Towards the end of his State of the State address, Governor Andrew Cuomo spoke about ethics reform. This, following a year when both leaders in the legislature were indicted, convicted and replaced. Time Warner Cable News' Geoff Redick spoke with legislators about the governor's slate of ethical reform proposals, and how some believe he's not going far enough.
At last year's State of the State, Governor Andrew Cuomo promised a big year for New York.
"Dean Skelos, here's to a good year," he said.
Ethically speaking: It was not. Sheldon Silver and Dean Skelos were both arrested, tried and convicted for corruption. And this year, two new leaders took the stage for the State of the State, as the governor proposed reforms, trying to ensure it would not happen again.
"Today, legislators work at law firms or businesses that pose real or potential conflicts," he said. "I propose we adopt the Congressional system of limiting outside income for legislators."
The governor also proposed public campaign financing, changing the state's lobbying laws, and stripping convicted lawmakers of their pensions. Fellow Democrats, in general, were receptive.
"These are all things that most of us already support," said Assemblyman Phil Steck (D).
"These proposals are a good first step," said Assemblyman Angelo Santabarbara (D). "Limiting outside income is something we can do right now."
"I've been a sponsor of the pension forfeiture bill since I began in the Assembly," said Assemblywoman Carrie Woerner (D). "I fully expect we will pass that bill."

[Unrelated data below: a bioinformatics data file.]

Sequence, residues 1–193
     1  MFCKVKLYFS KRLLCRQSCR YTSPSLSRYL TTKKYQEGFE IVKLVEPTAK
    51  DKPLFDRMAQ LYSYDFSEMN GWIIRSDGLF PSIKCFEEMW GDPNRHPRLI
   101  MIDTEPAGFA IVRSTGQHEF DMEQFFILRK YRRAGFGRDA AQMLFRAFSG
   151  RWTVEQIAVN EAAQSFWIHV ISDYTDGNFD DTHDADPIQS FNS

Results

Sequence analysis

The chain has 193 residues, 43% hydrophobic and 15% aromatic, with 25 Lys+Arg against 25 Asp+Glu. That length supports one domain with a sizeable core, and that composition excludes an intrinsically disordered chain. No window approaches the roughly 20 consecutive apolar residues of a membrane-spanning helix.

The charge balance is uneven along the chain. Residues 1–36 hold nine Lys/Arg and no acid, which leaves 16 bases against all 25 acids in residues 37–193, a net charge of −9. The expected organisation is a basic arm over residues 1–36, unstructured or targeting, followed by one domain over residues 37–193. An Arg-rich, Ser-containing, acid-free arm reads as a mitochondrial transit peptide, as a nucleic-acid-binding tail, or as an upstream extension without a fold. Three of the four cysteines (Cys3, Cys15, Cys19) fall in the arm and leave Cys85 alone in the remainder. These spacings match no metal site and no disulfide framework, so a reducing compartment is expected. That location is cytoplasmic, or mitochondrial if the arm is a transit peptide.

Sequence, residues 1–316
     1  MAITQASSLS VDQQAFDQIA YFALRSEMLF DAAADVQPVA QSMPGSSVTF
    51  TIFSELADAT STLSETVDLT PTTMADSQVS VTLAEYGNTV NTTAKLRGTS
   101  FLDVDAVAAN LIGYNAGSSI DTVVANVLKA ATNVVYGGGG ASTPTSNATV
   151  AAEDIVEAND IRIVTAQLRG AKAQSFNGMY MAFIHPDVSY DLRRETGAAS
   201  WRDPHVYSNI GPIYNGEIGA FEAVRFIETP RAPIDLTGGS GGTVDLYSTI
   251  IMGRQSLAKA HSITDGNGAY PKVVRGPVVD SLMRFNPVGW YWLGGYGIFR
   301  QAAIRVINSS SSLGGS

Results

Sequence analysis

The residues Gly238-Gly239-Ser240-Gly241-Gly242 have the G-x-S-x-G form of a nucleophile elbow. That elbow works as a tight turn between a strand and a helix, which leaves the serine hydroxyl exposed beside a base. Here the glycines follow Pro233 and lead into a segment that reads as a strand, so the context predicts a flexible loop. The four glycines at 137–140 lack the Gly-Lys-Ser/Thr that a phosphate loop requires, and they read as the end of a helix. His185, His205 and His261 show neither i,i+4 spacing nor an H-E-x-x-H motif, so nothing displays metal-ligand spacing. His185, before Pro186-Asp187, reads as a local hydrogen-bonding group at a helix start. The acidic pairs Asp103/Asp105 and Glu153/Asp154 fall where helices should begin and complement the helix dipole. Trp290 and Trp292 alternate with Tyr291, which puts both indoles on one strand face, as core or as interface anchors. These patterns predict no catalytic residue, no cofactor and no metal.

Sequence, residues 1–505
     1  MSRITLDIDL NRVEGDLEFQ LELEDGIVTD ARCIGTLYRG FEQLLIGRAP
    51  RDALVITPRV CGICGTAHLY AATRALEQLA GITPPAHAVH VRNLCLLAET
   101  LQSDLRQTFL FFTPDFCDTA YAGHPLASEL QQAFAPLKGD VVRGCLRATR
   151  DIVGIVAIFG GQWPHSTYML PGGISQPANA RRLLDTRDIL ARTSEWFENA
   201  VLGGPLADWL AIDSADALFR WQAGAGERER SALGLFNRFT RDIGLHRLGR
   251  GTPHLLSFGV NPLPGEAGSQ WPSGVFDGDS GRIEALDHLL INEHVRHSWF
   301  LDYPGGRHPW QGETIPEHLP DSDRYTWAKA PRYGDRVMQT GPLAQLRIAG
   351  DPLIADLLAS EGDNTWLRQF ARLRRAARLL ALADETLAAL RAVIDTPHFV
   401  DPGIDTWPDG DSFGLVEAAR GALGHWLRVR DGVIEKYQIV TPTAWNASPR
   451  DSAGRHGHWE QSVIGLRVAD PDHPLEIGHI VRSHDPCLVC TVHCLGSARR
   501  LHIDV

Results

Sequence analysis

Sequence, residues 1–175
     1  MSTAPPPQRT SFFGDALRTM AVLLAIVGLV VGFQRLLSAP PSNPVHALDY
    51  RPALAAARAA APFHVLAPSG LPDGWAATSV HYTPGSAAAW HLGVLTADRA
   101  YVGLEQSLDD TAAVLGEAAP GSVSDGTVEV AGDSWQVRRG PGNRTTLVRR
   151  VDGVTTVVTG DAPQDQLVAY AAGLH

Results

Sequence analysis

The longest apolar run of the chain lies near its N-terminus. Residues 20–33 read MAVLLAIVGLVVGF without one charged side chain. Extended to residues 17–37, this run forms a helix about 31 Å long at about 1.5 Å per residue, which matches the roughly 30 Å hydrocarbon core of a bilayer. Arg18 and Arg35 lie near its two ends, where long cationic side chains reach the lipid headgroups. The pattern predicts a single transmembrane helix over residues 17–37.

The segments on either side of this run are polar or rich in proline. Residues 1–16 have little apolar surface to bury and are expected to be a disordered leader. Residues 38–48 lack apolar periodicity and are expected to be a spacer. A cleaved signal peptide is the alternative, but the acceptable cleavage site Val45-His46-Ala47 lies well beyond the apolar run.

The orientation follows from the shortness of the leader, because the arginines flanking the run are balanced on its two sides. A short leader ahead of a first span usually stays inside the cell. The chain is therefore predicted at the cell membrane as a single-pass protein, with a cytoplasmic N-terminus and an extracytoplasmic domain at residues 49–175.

Democratic Assemblyman John McDonald, says reforms must go one step further.
"Maybe the comptroller should be auditing elected officials on how their actions are impacting the public's money. That needs to be closely examined," McDonald said.
Republicans in the legislature believe the governor missed an opportunity for ethical change.
"The largest asset Skelos and Silver had to game the system was unbridled power," said Assemblyman Jim Tedisco. "And he didn't talk about how we're going to take some of that power, and have rank-and-file members stand up and take it back for our constituents."
"We can talk about term limits, we can talk about limits on leadership," said Assemblyman Pete Lopez (R).
"Let's have term limits," suggested Senator George Amedore (R). "Term limits will go a long way and bring about equality as well in the legislature."
At least at this point, it does not appear the governor has directly tied ethics reform to any sort of incentive or consequence — in that case, it would essentially be on the legislature's own merits to pass a bill.